Oct 19 2015
CAMBRIDGE, Mass. — During a guest lecture at Harvard University on Wednesday, Sen. Richard Shelby (R-Ala.) took aim at Dodd-Frank, the sweeping — many conservatives would say onerous — regulatory reform package passed by Democrats in response to the so-called “Great Recession.”
“I am leading an effort to address a number of concerns identified during the implementation of Dodd-Frank,” Shelby told Harvard students and faculty members in the university’s Program on International Financial Systems. “We now have better information on how financial regulation should be tailored to help prevent another crisis and reduce systemic risk. We also know where it should be pared back to provide relief to smaller and regional financial institutions, and where transparency and accountability are needed the most at regulatory agencies.”
After Republicans took control of the Senate in January, Shelby was installed as chairman of the Senate Banking Committee, positioning him to play a leading role in rolling back Democrats’ expansive financial regulations.
Shelby said Dodd-Frank has not only had a negative impact on the economy — and on community banks in particular — it has also simply not done what Democrats insisted it would: reform Wall Street.
“According to data published by the Chicago Federal Reserve Bank, the five-largest U.S. bank holding companies have grown by $638 billion since 2010,” Shelby explained. “(They) now account for 51 percent of total assets in the system.”
His remarks were met with nodding heads and knowing glances. A Harvard study released earlier this year concurred with Shelby’s findings. The study, which was published by Harvard’s Kennedy School of Business, concluded that Dodd-Frank’s “reforms” actually made the so called “too big to fail” banks even bigger.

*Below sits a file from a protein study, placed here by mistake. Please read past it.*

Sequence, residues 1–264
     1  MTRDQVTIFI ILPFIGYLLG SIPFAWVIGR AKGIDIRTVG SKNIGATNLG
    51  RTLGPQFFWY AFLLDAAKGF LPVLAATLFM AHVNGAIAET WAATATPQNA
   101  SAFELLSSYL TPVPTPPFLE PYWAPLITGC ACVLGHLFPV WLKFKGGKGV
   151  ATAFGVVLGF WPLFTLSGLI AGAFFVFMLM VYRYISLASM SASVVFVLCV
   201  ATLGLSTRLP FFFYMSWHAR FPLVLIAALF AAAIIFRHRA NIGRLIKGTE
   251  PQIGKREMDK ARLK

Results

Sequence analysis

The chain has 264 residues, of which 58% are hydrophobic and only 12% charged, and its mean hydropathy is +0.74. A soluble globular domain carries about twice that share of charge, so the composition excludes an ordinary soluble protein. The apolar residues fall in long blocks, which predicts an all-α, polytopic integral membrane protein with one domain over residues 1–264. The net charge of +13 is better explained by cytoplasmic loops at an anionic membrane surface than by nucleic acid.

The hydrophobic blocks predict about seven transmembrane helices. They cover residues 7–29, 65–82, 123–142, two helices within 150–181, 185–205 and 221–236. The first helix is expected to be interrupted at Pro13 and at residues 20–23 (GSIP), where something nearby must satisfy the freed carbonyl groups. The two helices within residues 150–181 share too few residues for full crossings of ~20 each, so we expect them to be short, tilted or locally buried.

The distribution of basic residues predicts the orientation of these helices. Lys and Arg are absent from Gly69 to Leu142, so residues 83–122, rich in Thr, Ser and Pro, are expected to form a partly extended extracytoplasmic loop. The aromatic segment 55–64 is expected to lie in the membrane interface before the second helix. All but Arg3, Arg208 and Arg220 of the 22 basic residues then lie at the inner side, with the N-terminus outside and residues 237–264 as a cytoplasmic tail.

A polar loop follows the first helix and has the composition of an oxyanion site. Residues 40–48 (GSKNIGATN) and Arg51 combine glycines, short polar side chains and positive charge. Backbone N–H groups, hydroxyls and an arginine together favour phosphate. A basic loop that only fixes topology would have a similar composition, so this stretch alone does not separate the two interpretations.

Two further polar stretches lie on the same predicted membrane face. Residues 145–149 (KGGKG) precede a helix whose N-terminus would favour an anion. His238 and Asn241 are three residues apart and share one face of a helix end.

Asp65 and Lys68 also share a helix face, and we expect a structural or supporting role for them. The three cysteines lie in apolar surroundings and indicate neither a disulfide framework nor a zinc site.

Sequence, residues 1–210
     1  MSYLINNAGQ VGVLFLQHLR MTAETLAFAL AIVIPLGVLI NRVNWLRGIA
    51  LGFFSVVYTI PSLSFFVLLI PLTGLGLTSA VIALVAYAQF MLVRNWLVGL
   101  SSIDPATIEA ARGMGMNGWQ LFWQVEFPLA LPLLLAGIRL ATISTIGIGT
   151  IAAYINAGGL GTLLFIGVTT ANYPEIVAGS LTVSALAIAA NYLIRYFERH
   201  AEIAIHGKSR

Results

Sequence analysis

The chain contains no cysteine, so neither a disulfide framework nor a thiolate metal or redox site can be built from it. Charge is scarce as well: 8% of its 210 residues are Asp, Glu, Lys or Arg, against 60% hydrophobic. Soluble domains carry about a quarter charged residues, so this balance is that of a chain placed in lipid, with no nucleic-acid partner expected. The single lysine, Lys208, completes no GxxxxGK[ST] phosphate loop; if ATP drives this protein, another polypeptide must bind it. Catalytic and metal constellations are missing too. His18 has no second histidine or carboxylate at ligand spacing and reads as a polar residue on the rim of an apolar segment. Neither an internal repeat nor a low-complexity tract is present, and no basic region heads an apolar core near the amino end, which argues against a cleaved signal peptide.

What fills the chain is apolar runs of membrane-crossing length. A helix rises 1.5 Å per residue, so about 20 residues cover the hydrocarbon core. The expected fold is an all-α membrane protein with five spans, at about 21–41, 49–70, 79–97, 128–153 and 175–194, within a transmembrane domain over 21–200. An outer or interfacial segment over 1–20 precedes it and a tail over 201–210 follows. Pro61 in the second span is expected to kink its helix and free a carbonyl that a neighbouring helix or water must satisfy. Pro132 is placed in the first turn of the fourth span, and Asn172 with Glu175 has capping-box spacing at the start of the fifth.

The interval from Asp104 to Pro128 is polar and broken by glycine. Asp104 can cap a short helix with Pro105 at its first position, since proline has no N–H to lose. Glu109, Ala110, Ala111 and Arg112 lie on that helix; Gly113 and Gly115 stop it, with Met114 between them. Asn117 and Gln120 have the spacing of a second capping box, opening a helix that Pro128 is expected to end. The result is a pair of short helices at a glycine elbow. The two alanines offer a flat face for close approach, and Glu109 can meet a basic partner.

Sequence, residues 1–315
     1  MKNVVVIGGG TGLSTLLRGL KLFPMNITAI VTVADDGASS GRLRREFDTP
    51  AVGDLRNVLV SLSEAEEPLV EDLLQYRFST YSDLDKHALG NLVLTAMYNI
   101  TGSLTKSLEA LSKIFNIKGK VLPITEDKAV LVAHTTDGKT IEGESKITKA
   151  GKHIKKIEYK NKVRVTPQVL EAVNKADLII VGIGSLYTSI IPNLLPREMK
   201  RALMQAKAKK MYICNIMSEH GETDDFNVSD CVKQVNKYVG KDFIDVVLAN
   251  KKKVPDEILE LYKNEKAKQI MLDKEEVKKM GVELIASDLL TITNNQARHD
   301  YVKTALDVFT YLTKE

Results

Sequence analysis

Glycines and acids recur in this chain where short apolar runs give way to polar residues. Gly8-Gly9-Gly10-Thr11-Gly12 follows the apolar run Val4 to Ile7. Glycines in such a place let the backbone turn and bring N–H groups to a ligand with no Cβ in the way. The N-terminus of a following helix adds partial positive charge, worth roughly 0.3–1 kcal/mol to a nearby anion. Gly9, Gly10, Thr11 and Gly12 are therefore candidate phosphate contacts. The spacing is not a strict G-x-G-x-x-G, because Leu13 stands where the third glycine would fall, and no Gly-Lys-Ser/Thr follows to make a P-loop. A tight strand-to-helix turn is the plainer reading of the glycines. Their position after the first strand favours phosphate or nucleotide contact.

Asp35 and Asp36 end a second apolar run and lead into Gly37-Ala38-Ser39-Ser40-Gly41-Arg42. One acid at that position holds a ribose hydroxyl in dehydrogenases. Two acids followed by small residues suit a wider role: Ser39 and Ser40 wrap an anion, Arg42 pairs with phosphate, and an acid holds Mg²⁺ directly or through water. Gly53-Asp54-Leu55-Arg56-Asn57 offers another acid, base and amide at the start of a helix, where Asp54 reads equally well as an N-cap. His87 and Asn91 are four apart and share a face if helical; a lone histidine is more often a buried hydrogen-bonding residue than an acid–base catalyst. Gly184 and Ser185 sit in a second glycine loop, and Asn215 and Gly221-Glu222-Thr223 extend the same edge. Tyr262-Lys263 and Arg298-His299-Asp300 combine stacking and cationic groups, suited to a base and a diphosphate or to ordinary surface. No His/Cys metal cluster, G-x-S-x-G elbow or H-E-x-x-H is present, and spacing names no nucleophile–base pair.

“[W]e find that community banks emerged from the financial crisis with a market share 6 percent lower, but since the second quarter of 2010 – around the time of the passage of the Dodd-Frank Act – their share of U.S. commercial banking assets has declined at a rate almost double that between the second quarters of 2006 and 2010. Particularly troubling is community banks’ declining market share in several key lending markets, their decline in small business lending volume, and the disproportionate losses being realized by particularly small community banks.”
The regulatory burden created by Dodd-Frank is so great, according to a George Mason University study cited by Harvard, that one-third of the country’s community banks were suddenly made unprofitable. This has prompted countless mergers, further consolidating the banking industry and reducing consumer options.
Sen. Shelby bemoaned the law’s impact and laid the blame directly on its “thousands of pages of new, complex regulations and layers of new bureaucracy.” He also expressed frustration with the law having centralized regulatory authority among “unelected, unaccountable bureaucrats.”
Shelby was optimistic, though, that he would be able to rally support for change.
“Even some of Dodd-Frank’s original supporters are beginning to acknowledge that the law is not untouchable and that some changes should be made,” he said. “Our collective goal should be to establish a world class regulatory regime that preserves the safety and soundness of our financial system in the least restrictive manner so that we foster and support access to credit in an effort to encourage economic growth at all levels of our economy.”